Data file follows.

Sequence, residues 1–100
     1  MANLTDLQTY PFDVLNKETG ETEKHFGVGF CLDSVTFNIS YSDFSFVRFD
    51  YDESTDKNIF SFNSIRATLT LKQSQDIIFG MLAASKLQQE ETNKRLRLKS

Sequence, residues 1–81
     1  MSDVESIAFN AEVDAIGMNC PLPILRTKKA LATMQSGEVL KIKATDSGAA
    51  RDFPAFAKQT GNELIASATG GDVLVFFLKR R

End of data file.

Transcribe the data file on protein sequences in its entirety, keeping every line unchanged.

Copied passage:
Sequence, residues 1–100
     1  MANLTDLQTY PFDVLNKETG ETEKHFGVGF CLDSVTFNIS YSDFSFVRFD
    51  YDESTDKNIF SFNSIRATLT LKQSQDIIFG MLAASKLQQE ETNKRLRLKS

Sequence, residues 1–81
     1  MSDVESIAFN AEVDAIGMNC PLPILRTKKA LATMQSGEVL KIKATDSGAA
    51  RDFPAFAKQT GNELIASATG GDVLVFFLKR R